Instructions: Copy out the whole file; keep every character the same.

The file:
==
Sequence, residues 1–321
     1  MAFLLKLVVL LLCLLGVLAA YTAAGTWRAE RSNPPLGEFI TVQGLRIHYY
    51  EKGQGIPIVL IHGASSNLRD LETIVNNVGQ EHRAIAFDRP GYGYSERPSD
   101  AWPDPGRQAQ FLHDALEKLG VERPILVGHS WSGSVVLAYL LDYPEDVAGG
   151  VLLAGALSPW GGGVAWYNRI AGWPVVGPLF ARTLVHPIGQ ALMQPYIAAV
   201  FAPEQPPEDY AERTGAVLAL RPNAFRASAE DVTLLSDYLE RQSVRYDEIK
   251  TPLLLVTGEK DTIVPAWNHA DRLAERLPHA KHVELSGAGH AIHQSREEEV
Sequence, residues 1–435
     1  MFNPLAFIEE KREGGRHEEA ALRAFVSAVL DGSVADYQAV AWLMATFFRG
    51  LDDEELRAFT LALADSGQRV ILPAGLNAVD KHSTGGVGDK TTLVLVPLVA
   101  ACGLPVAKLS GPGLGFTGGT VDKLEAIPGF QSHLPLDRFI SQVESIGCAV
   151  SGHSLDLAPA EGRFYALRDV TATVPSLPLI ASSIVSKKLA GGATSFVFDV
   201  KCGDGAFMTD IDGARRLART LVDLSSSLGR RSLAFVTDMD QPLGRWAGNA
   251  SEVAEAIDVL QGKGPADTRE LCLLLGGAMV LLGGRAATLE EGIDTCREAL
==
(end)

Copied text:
Sequence, residues 1–321
     1  MAFLLKLVVL LLCLLGVLAA YTAAGTWRAE RSNPPLGEFI TVQGLRIHYY
    51  EKGQGIPIVL IHGASSNLRD LETIVNNVGQ EHRAIAFDRP GYGYSERPSD
   101  AWPDPGRQAQ FLHDALEKLG VERPILVGHS WSGSVVLAYL LDYPEDVAGG
   151  VLLAGALSPW GGGVAWYNRI AGWPVVGPLF ARTLVHPIGQ ALMQPYIAAV
   201  FAPEQPPEDY AERTGAVLAL RPNAFRASAE DVTLLSDYLE RQSVRYDEIK
   251  TPLLLVTGEK DTIVPAWNHA DRLAERLPHA KHVELSGAGH AIHQSREEEV
Sequence, residues 1–435
     1  MFNPLAFIEE KREGGRHEEA ALRAFVSAVL DGSVADYQAV AWLMATFFRG
    51  LDDEELRAFT LALADSGQRV ILPAGLNAVD KHSTGGVGDK TTLVLVPLVA
   101  ACGLPVAKLS GPGLGFTGGT VDKLEAIPGF QSHLPLDRFI SQVESIGCAV
   151  SGHSLDLAPA EGRFYALRDV TATVPSLPLI ASSIVSKKLA GGATSFVFDV
   201  KCGDGAFMTD IDGARRLART LVDLSSSLGR RSLAFVTDMD QPLGRWAGNA
   251  SEVAEAIDVL QGKGPADTRE LCLLLGGAMV LLGGRAATLE EGIDTCREAL